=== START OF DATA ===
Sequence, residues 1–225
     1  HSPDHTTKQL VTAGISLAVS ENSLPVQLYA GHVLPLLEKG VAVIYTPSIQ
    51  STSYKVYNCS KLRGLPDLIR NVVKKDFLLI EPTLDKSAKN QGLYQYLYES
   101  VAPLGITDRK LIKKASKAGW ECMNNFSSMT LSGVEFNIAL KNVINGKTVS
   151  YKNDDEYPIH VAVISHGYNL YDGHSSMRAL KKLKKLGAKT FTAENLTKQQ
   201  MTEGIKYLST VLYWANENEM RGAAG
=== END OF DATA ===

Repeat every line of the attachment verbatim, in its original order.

Sequence, residues 1–225
     1  HSPDHTTKQL VTAGISLAVS ENSLPVQLYA GHVLPLLEKG VAVIYTPSIQ
    51  STSYKVYNCS KLRGLPDLIR NVVKKDFLLI EPTLDKSAKN QGLYQYLYES
   101  VAPLGITDRK LIKKASKAGW ECMNNFSSMT LSGVEFNIAL KNVINGKTVS
   151  YKNDDEYPIH VAVISHGYNL YDGHSSMRAL KKLKKLGAKT FTAENLTKQQ
   201  MTEGIKYLST VLYWANENEM RGAAG